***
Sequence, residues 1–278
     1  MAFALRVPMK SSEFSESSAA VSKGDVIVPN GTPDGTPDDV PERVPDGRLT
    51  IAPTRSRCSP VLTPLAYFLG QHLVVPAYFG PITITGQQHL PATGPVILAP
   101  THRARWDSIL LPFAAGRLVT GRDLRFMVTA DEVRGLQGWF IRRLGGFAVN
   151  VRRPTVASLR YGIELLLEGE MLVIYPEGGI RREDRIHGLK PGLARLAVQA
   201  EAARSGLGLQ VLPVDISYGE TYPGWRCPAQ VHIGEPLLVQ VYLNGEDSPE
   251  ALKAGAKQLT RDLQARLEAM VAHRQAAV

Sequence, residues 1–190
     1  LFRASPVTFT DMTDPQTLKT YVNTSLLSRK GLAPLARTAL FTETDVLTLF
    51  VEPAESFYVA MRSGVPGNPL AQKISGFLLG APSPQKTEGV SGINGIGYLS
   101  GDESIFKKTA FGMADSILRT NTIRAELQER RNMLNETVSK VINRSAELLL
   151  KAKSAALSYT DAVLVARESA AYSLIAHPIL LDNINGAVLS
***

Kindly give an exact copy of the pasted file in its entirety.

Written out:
Sequence, residues 1–278
     1  MAFALRVPMK SSEFSESSAA VSKGDVIVPN GTPDGTPDDV PERVPDGRLT
    51  IAPTRSRCSP VLTPLAYFLG QHLVVPAYFG PITITGQQHL PATGPVILAP
   101  THRARWDSIL LPFAAGRLVT GRDLRFMVTA DEVRGLQGWF IRRLGGFAVN
   151  VRRPTVASLR YGIELLLEGE MLVIYPEGGI RREDRIHGLK PGLARLAVQA
   201  EAARSGLGLQ VLPVDISYGE TYPGWRCPAQ VHIGEPLLVQ VYLNGEDSPE
   251  ALKAGAKQLT RDLQARLEAM VAHRQAAV

Sequence, residues 1–190
     1  LFRASPVTFT DMTDPQTLKT YVNTSLLSRK GLAPLARTAL FTETDVLTLF
    51  VEPAESFYVA MRSGVPGNPL AQKISGFLLG APSPQKTEGV SGINGIGYLS
   101  GDESIFKKTA FGMADSILRT NTIRAELQER RNMLNETVSK VINRSAELLL
   151  KAKSAALSYT DAVLVARESA AYSLIAHPIL LDNINGAVLS